With 51 two-dimensional images of the Earth, more than 4,000 illustrations, and 3 years of work, Maps by Aleksandra and Daniel Mizieliński became an international success. This book not only conquered faraway lands, but also critics’ hearts, and most of all, young readers all over the world.
Imaginary journeys have never been so real. The Mizielińskis didn’t present yet another collection of diagrams taken out of geography textbooks. Their maps look as they are yellowed by time, dirty papyruses found in a box in the attic. Just like pirate maps, they hide treasures. Each of the 51 images is a magical journey through lands, seas, and oceans. The duo of guides draws a route through all continents, showing a close-up of most interesting countries.
Information is given out gradually. The first map shows the globe, and the next one presents Europe with the outlined contours of its and capitals. Others show detailed images of chosen countries. Similarly, we get to know other continents. In place of a legend we have the most important facts about each country: the name of the capital, official languages, the number of inhabitants and the country’s size. Giving the original name of a country is also a great idea – readers can work on their language skills. The symbolical ending is a collection of flags. What’s most captivating though are the miniatures of people, animals, and dishes which thoroughly reflect the reality of these countries. Through these illustrations we get to know customs, the most important species of flora and fauna, characteristic buildings, and elements of the landscape. We can observe Arctic icebergs and Egyptian pyramids, we taste Indian curries, listen to Mexican mariachis, smell Dutch tulips, and feel the rhythm of Brazilian samba. Maps can be experienced through all one's senses.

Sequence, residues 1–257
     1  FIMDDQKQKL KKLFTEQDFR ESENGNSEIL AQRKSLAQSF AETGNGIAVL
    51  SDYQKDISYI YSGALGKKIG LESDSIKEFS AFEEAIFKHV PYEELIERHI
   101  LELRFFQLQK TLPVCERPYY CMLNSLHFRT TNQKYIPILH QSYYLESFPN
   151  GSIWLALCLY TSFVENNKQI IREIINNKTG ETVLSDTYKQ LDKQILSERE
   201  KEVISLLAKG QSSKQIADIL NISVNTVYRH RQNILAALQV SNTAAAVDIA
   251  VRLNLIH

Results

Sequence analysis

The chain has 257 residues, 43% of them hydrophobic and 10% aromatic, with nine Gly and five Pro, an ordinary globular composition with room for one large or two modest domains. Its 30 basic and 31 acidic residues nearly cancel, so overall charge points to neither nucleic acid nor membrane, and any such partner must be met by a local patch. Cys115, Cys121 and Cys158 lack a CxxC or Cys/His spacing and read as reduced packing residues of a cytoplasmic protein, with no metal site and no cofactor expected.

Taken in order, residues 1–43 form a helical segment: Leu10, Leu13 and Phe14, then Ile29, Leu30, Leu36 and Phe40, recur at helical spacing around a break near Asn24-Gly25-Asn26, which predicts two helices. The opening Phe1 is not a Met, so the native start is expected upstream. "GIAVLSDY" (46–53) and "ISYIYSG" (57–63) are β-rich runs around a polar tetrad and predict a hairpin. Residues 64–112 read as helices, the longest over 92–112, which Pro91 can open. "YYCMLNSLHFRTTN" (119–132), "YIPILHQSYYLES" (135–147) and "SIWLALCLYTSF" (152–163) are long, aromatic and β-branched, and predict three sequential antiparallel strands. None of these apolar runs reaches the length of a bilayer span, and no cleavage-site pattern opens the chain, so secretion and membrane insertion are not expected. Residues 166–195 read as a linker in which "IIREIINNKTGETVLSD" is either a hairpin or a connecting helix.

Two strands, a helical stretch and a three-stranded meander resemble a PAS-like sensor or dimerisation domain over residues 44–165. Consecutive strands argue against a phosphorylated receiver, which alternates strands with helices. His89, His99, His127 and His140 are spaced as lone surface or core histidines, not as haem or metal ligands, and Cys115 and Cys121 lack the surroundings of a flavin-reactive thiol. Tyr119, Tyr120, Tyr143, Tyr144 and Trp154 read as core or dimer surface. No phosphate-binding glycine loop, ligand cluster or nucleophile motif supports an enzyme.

This mass of information can be overwhelming at the beginning, and the book's chaotic composition only reinforces the feeling of being lost. Travelling around mysterious corners of our planet has a lot of charm, however. Wandering in this labyrinth of information consolidates facts for the reader or sometimes even lets them discover something new. The protagonists of the greatest fables, writers, artists and kings help young readers to find their way.
The duo of Polish illustrators spent three years realizing the project. The fruit of these long journeys through places known and unknown is the few thousand illustrations which fill the maps of 42 countries. This knowledge, accessible to everyone, was translated by the authors into a symbolic, visual language. They’ve proven that with a few sketches and no unnecessary words, one can show the spirit of a nation, the customs of its inhabitants, and its heritage. The symbolic, colourful, detailed illustrations, reminiscent of children's drawings, are a great replacement for monotonous descriptions taken out of an encyclopedia. Texts, concise and meaningful, are also abundant, though. The names of plants and animals, regional products and customs were written in specially the designed fonts Mrs White and Cartographer. The letters created by Mizielińscy are an element of the image, and echo the forgotten art of calligraphy.
While the idea of creating an atlas for children was not very original, the way it was realized is delightful. The first edition of the book was sold out in a month. In France, Maps won the prestigious Prix Sorcieres 2013 from the society of booksellers, and ‘The New York Times’ listed the book among the most beautiful albums for children in 2013. What’s most important though is the recognition of millions of readers in more than 20 countries where Maps has been published.
The Mizielińskis took a huge step in the history of cartography and climbed the Everest of human fantasy. They help people learn, giving them lessons in geography, history, zoology, botany and culture. Most of all they also ‘smuggled’ into their work the great values of tolerance, passion and family. And that’s how they put themselves on the map of world literaturę for children.
Author: Agnieszka Warnke, August 2015, transl. N. Mętrak-Ruda, December 2015.
Awards and nominations:
- Nominated for The Kate Greenaway Medal 2014 – a children's prize in the UK
- Prix Sorcières 2013 for non-fiction – French award for childrens' books given by the society of booksellers
- Premio Andersen 2013 for non-fiction – an Italian prize for childrens' books
- Luchs – Dezember 2013 – an award given by the German weekly Die Zeit and Radio Bremen,
- nomination for the Waterstones book of the year
- Must Have 2013 at the Łódź Design Festival,
- Magellan Awards: Best Touristic Publications 2012 – main prize for a childrens' book
- Travelery 2012, National Geographic awards